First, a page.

Africa aims at catching up with Asian Tigers



VICTORIA FALLS — African countries, with abundant resources and through economic transformation, can catch up with Asian countries in 50 years, said Dr Nkosazana Dlamini-Zuma, chairperson of the African Union Commission yesterday.  Africa can do the same in the next 50 years as what the Asian economic powerhouses did over the past decades, lifting its people out of poverty and becoming prosperous, said Dlamini-Zuma, addressing the 34th Summit of the Southern African Development Community (Sadc) Heads of State and Government in the Zimbabwean resort town of Victoria Falls.

The Sadc region, made up of 15 member states including Angola, Botswana, Democratic Republic of the Congo, Lesotho, Madagascar, Malawi, Mauritius, Mozambique, Namibia, Seychelles, South Africa, Swaziland, Tanzania, Zambia and Zimbabwe, is home to an array of mineral resources with roughly the world’s vanadium, platinum and diamonds originating from the region, along with an estimated 36 percent of gold and 20 percent of cobalt.

Despite being endowed with vast natural resources, the region remains severely underdeveloped and heavily relies on exportation of raw materials to prop up its economies, observers say. According to the AUC chairperson, to achieve a prosperous, integrated, people-centred Africa, the governments need to transform their economies, and use the continent’s diversed resources through value addition and beneficiation.
“We need to skill hundreds of thousands of our people, focusing more on science, technology , research and innovation, she said.

Dr Dlamini-Zuma also emphasised on the development of high speed projects that could link African capitals and commercial centres. These projects will help accelerate integration, intra- African trade and industrialisation.

The annual summit, Sadc’s highest decision-making body, is being held on August 17 and 18 Zimbabwe. The theme of this year’s summit is “Sadc Strategy for Economic Transformation: Leveraging the Region’s Diverse Resources for Sustainable Economic and Social Development through Beneficiation and Value Addition.” – Xinhua

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  • Honky Tooty

    50 years? That sounds like forever. What if Jesus Christ comes back tomorrow? The question is, what is being done TODAY (as in today). You cannot just dream yourself into getting to where China is. It’s achieved through significant work and curbing corrupt tendencies.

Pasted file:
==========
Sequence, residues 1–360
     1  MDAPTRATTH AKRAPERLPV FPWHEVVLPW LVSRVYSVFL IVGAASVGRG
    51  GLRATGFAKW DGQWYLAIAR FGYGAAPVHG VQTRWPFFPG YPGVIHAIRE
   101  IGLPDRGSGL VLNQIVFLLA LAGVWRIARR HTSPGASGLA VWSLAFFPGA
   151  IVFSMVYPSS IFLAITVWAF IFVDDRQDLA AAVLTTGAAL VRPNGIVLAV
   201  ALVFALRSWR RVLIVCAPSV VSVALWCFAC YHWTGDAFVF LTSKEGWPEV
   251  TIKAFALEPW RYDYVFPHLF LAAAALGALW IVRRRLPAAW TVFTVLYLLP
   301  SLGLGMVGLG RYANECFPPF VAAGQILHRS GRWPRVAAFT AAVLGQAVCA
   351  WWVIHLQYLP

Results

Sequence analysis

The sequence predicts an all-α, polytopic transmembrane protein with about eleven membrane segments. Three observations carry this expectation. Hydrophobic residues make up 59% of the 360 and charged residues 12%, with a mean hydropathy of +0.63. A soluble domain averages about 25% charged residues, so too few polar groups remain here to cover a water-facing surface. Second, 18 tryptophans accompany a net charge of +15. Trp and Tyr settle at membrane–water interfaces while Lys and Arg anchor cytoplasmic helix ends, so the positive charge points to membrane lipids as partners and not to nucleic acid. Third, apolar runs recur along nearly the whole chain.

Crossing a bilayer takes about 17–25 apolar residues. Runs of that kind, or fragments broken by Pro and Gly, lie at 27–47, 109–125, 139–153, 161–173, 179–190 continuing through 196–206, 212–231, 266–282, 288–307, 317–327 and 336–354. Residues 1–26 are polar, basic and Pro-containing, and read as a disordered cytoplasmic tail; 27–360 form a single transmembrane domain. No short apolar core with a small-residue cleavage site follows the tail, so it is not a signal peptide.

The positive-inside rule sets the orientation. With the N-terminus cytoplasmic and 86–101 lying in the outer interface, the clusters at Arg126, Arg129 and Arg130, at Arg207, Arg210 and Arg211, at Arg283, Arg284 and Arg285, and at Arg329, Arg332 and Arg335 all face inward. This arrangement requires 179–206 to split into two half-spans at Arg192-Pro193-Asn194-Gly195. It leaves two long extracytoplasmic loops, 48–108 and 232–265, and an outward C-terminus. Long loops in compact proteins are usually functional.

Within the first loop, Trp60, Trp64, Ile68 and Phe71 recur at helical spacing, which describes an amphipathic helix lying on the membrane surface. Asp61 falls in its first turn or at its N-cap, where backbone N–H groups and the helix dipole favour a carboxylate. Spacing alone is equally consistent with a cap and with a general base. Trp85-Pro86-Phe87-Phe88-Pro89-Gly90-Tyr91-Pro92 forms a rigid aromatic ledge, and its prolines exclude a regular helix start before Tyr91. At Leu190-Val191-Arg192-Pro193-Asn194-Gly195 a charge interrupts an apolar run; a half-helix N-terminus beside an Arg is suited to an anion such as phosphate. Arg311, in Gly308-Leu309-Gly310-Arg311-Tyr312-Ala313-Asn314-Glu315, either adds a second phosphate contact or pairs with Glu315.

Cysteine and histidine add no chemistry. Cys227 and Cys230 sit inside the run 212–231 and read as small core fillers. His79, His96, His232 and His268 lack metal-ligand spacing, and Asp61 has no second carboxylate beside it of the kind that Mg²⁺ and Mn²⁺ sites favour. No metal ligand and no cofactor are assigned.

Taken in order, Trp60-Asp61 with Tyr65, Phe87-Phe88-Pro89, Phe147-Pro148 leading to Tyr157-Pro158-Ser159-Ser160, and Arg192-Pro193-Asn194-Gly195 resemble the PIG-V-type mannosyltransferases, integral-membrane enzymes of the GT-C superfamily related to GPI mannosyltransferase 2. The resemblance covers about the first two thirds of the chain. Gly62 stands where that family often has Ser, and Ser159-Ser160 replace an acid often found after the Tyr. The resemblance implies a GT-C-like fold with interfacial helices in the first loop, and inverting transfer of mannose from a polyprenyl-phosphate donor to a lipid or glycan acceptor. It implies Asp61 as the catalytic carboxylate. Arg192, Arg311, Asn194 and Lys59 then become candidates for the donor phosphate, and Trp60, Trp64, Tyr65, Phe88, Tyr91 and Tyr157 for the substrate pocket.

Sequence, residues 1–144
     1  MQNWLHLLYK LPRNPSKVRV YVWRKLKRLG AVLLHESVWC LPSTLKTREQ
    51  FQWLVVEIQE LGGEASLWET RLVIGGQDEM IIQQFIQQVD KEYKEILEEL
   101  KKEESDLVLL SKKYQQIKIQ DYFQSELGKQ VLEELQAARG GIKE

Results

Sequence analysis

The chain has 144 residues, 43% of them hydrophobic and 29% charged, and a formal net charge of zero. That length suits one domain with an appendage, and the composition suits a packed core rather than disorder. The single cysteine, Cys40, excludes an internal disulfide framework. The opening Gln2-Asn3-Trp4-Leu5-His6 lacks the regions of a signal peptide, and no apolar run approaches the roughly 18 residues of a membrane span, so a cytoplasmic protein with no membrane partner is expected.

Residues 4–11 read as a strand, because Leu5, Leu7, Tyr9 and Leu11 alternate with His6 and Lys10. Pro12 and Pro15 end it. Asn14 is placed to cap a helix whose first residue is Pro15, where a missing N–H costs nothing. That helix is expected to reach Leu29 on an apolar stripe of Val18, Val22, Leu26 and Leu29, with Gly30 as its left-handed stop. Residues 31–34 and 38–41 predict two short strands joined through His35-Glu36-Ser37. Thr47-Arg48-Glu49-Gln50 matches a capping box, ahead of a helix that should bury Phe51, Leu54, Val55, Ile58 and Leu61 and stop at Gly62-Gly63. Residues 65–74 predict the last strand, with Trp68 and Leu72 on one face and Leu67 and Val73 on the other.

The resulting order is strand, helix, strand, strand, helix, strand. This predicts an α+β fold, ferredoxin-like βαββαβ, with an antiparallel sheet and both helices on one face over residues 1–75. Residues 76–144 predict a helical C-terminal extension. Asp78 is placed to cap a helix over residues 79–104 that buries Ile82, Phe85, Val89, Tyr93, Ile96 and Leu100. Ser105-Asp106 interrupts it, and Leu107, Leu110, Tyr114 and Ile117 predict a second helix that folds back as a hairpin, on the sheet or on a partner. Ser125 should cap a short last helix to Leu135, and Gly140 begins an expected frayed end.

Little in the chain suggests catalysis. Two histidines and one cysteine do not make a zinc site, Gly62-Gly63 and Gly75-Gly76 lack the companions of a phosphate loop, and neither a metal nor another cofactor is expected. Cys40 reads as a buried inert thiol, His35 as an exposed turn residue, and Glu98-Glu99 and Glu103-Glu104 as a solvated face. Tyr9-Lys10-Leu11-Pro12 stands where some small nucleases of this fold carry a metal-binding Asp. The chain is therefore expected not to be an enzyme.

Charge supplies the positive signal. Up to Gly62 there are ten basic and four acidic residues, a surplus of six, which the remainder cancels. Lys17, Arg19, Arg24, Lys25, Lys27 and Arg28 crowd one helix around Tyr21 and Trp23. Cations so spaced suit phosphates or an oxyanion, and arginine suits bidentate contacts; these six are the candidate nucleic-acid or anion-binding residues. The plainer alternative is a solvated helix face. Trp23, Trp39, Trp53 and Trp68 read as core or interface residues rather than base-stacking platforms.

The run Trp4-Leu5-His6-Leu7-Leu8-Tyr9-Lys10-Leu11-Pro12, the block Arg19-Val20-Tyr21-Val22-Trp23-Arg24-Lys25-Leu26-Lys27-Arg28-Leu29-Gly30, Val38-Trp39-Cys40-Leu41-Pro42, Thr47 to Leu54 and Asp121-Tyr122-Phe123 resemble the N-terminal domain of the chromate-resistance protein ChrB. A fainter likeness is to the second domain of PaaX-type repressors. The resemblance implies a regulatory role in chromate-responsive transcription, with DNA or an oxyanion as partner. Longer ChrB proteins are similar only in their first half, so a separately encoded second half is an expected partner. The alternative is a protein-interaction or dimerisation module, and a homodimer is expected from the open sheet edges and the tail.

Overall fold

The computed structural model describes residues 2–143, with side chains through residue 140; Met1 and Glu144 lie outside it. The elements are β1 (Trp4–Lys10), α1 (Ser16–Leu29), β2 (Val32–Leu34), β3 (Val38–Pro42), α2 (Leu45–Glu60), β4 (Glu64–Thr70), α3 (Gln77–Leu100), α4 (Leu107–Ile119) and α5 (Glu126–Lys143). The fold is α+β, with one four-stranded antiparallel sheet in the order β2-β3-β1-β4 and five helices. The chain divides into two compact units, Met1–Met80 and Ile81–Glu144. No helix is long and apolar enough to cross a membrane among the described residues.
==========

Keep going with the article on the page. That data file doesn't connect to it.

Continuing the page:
• Savanhu

      At independence in 1964 Zambia’s GDP was the same as that of Malysia- $6 billion. Today Malaysia’s GDP is a healthy $220 billion plus compared to Zambia’s $14 billion. Maybe madam Zuma did not do some research before opening her mouth or she simply had to say something.

      There is no disputing Africa has unmatched resources, but we do not have the leaders who can lead us to prosperity. The level of corruption, incompetence and mismanagement in Africa is not conducive to properity. Out of all the SADC countries, only Botswana is showing potential to rival the Asian tigers. South Africa already has a huge economy but they need competent leaders to make the economy more inclusive.

  • Honky Tooty

    For an example, Russia around the 90s at the crumbling of Soviet Union was a broken country. They’ve achieved a lot in almost the same period as South Africa post-democracy 1994.

  • Said O. Ali

    We’ve been there before. African leaders and their cronies are good at shouting about dreams but what they do leaves everybody skeptical. What is this about dreams in Africa? If they were not able to steer their countries for the last 50 years, why do they think we’d believe them now?

  • moyo

    There is no strategy on the ground to achieve that dream.Let us get real in Africa.Hard work,integrity,good planning,etc is what we need instead of wild dreaming.